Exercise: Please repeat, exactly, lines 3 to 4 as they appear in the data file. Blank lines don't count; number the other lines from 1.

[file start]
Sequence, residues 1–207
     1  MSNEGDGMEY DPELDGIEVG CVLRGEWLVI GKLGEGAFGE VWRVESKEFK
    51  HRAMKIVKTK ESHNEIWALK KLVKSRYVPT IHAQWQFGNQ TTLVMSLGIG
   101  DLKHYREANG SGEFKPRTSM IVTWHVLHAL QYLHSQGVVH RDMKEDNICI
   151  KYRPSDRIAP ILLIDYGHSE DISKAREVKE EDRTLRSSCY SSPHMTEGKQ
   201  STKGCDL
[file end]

    51  HRAMKIVKTK ESHNEIWALK KLVKSRYVPT IHAQWQFGNQ TTLVMSLGIG
   101  DLKHYREANG SGEFKPRTSM IVTWHVLHAL QYLHSQGVVH RDMKEDNICI